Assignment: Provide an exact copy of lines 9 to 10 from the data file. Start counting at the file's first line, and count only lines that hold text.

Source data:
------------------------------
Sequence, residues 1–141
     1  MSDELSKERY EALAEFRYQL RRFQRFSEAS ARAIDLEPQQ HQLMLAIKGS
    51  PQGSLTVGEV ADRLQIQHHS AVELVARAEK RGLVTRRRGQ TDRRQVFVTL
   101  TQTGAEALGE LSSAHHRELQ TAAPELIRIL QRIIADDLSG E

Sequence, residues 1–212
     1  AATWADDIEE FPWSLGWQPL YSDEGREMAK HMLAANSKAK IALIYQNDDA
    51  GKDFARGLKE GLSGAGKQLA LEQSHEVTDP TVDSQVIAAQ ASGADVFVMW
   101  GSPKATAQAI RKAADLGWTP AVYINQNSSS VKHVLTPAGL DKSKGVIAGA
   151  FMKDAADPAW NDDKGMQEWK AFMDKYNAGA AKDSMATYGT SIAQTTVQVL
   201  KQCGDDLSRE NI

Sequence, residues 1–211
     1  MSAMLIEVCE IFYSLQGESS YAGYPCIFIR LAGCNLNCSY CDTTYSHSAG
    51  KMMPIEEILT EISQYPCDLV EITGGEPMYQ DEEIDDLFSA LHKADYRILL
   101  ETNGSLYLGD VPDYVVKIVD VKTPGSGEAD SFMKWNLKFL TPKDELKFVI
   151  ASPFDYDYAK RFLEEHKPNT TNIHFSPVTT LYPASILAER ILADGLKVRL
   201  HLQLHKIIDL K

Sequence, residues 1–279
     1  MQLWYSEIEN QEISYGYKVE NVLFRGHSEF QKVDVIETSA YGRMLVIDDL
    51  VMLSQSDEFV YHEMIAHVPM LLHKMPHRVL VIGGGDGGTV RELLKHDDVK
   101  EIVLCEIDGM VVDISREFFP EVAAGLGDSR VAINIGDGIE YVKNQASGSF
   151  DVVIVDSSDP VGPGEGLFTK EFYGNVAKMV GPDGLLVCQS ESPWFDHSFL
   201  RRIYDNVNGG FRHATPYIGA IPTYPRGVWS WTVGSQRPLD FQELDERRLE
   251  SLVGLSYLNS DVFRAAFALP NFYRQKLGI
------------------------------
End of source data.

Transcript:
   151  FMKDAADPAW NDDKGMQEWK AFMDKYNAGA AKDSMATYGT SIAQTTVQVL
   201  KQCGDDLSRE NI